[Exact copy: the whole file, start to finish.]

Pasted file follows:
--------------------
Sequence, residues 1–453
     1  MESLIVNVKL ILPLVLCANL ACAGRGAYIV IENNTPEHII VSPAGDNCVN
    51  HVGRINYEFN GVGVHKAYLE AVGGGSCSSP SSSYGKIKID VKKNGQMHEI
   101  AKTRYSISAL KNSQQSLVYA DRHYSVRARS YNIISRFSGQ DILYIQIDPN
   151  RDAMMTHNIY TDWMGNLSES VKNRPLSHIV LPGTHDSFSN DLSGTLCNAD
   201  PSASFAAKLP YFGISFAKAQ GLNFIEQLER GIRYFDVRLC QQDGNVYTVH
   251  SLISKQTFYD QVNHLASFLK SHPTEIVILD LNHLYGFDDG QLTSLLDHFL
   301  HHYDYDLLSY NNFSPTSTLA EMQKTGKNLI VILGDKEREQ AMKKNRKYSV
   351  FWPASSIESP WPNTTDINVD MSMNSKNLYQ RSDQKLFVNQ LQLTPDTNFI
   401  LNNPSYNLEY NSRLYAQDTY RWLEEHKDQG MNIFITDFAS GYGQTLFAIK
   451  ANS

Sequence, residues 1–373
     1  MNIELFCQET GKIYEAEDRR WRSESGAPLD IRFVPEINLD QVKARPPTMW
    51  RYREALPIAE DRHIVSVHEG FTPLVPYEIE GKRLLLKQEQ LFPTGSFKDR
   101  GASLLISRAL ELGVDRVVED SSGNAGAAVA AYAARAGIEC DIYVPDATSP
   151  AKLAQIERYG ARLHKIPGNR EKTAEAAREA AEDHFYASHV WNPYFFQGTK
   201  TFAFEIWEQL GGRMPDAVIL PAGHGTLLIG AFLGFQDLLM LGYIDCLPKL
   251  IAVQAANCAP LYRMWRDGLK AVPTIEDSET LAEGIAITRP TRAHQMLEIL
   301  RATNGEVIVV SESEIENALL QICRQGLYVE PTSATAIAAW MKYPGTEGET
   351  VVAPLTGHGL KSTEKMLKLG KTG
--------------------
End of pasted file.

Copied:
Sequence, residues 1–453
     1  MESLIVNVKL ILPLVLCANL ACAGRGAYIV IENNTPEHII VSPAGDNCVN
    51  HVGRINYEFN GVGVHKAYLE AVGGGSCSSP SSSYGKIKID VKKNGQMHEI
   101  AKTRYSISAL KNSQQSLVYA DRHYSVRARS YNIISRFSGQ DILYIQIDPN
   151  RDAMMTHNIY TDWMGNLSES VKNRPLSHIV LPGTHDSFSN DLSGTLCNAD
   201  PSASFAAKLP YFGISFAKAQ GLNFIEQLER GIRYFDVRLC QQDGNVYTVH
   251  SLISKQTFYD QVNHLASFLK SHPTEIVILD LNHLYGFDDG QLTSLLDHFL
   301  HHYDYDLLSY NNFSPTSTLA EMQKTGKNLI VILGDKEREQ AMKKNRKYSV
   351  FWPASSIESP WPNTTDINVD MSMNSKNLYQ RSDQKLFVNQ LQLTPDTNFI
   401  LNNPSYNLEY NSRLYAQDTY RWLEEHKDQG MNIFITDFAS GYGQTLFAIK
   451  ANS

Sequence, residues 1–373
     1  MNIELFCQET GKIYEAEDRR WRSESGAPLD IRFVPEINLD QVKARPPTMW
    51  RYREALPIAE DRHIVSVHEG FTPLVPYEIE GKRLLLKQEQ LFPTGSFKDR
   101  GASLLISRAL ELGVDRVVED SSGNAGAAVA AYAARAGIEC DIYVPDATSP
   151  AKLAQIERYG ARLHKIPGNR EKTAEAAREA AEDHFYASHV WNPYFFQGTK
   201  TFAFEIWEQL GGRMPDAVIL PAGHGTLLIG AFLGFQDLLM LGYIDCLPKL
   251  IAVQAANCAP LYRMWRDGLK AVPTIEDSET LAEGIAITRP TRAHQMLEIL
   301  RATNGEVIVV SESEIENALL QICRQGLYVE PTSATAIAAW MKYPGTEGET
   351  VVAPLTGHGL KSTEKMLKLG KTG